First, and essentially, the consultation exercise was just that. It was not an election in which the ‘first-past-the post’ would be declared the winner.
Second, it was not about the quantity of the responses, rather it was about their quality.
And, third, it was conducted in order to give an indication of local views, especially information about possible local impacts which needed to be taken into consideration by Highways England (HE) when considering its decisions about the way forward.
Thus the answer as to why the grey option was selected, despite the fact that only nine per cent of the consultation responses supported that option, is very simple.
Of the six route options, grey is the only one that avoids the South Downs National Park.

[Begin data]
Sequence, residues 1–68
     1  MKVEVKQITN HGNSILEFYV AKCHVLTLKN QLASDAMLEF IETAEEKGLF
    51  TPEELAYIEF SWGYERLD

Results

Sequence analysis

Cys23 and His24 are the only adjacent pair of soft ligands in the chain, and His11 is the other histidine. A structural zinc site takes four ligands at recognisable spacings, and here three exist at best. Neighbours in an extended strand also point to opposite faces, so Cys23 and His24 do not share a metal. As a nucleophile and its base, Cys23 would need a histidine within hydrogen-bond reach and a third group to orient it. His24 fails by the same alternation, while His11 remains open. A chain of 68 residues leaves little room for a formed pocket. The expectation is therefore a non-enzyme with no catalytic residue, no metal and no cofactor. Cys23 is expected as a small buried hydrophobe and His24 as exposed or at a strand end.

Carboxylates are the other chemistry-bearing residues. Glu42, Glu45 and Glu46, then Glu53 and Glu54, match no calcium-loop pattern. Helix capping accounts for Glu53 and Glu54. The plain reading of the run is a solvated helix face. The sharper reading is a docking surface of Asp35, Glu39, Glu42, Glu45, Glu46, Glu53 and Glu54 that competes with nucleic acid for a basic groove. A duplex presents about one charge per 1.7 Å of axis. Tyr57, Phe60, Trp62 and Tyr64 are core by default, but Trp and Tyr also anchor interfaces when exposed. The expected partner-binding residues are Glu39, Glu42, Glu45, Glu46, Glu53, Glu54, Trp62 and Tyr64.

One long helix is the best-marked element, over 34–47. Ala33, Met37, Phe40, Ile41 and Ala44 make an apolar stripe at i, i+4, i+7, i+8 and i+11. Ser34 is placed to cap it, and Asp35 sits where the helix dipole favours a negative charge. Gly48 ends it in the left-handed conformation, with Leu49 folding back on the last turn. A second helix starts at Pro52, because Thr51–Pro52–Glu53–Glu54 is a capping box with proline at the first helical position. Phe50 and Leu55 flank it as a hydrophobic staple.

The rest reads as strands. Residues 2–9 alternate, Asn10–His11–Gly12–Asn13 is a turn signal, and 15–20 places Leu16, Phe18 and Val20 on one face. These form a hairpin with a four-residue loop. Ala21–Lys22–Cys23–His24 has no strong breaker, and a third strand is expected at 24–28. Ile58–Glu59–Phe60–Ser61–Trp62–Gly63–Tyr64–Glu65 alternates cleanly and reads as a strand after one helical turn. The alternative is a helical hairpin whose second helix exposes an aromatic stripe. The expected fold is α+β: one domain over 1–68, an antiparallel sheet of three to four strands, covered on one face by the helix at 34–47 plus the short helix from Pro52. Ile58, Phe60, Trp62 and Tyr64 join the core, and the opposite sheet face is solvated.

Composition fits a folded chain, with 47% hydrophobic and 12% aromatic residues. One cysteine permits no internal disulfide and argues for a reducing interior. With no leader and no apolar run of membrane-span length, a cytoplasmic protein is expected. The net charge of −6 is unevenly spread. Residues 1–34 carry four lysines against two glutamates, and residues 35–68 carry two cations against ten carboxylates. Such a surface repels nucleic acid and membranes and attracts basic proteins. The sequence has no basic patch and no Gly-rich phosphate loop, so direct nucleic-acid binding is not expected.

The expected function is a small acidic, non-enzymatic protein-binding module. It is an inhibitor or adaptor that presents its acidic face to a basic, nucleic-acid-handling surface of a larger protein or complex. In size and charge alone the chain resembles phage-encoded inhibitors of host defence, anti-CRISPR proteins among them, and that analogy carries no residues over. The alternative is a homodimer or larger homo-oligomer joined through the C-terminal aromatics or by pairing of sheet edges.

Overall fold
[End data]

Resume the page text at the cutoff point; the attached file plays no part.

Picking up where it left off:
As part of the latest consultation, the South Downs National Park Authority (SDNPA) dug its heels in and refused to support any route through the park (of which there were five on offer). The word ‘compromise’ is not in its dictionary.
The views of the DEFRA-related organisations, aided and abetted by Parliament’s standing policy approach to the building of roads inside national parks, obviously won the day on behalf of the SDNPA, and inevitably grey was the only one that could then possibly be taken forward.
It is certainly not Arundel’s fault that the grey route has been selected, and in the end HE had little choice when searching for a solution to the national need to improve the A27 in the Arundel area.
Of the six options, the two online routes through Arundel never were ‘bypasses’, the route through Tortington Common was a non-starter and that just left the three long offline routes, of which only one avoided the SDNP.